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JAN-FEB 2019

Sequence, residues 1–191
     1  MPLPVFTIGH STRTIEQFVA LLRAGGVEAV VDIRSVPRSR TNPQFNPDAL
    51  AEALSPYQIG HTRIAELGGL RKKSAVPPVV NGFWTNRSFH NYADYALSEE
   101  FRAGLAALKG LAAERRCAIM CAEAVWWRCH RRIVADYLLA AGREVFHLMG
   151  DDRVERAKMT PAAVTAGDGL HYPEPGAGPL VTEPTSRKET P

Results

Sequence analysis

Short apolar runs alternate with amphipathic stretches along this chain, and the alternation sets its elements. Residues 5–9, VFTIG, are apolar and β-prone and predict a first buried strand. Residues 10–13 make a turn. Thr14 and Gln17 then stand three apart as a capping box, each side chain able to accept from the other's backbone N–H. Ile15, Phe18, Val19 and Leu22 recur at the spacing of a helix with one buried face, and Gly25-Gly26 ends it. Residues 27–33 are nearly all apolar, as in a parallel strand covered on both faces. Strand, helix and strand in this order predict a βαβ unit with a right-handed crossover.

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R emote machine monitoring is becoming a common feature of automated equipment as part of Industrial Internet of Things (IIoT) implementations. The software and hard- ware required varies from vendor to vendor, but most use the same intranet- or Internet-based technologies. The use of these maturing technologies is making it easier and less expensive to implement remote monitoring connections to machines and processes. These remote monitoring connections are usually made to programmable logic controllers (PLCs) and human-machine interfaces (HMIs) via internal intranets or the Internet, often via a virtual private network (VPN) router. On the other end of these connections are devices such as PCs, smartphones, and tablets. Each of these devices has built-in digital communications with Ethernet connectivity. This remote connectivity goes beyond access for troubleshooting. In many cases, the remote devices are connected to the automation system to be eyes into the machine for optimizing operation, sending data and production information to engineering, and providing management with summary and analysis information. This article takes a closer look at the methods to remotely monitor a machine or process. Remote access to HMIs Many embedded and PC-based HMIs can provide remote access via PCs, smartphones, and tablets. The low cost and small footprint of an embedded HMI is a good example of common remote access connectivity via the HMI's web server to remote devices (figure 1). Because the HMI has web server functionality, web pages can be configured to reside in it, and these web pages can be accessed by any device capable of running a web browser. Embedded HMIs provide much of the functionality of a PC-based HMI, including remote monitoring, and are designed for industrial use in harsh environments. The comments below apply to either solution. Ethernet and wireless technologies—along with defense-in-depth, authentication, and firewalls—are making remotely monitoring HMIs through smartphones and tablets part of an operator's, manager's, or engineer's daily routine. A user can monitor several remote sites via a smartphone or tablet, allowing a proactive response to problems based on information pushed from the HMI (e.g., an email or text message). A "low parts detected" or "motor high temperature detected" message sent to operations and maintenance personnel provides real-time information that workers can act upon to reduce downtime and improve productivity. The data is pushed to users when necessary, with no need to open a browser and connect to the HMI, although this is often the next step to drill down for details. Some HMIs can log and store data on a periodic basis or when triggered by events. As part of a remote monitoring daily routine or when a message or alarm is received, the user can access the HMI via a web browser to view additional information. This same information can be sent to interested users by email using file transfer protocol (FTP). This type of remote monitoring provides usable information related to both real- time and historical trends to help reduce cost and downtime, while increasing productivity. 18 INTECH JANUARY/FEBRUARY 2019 WWW.ISA.ORG IIoT remote monitoring By Bill Dehner

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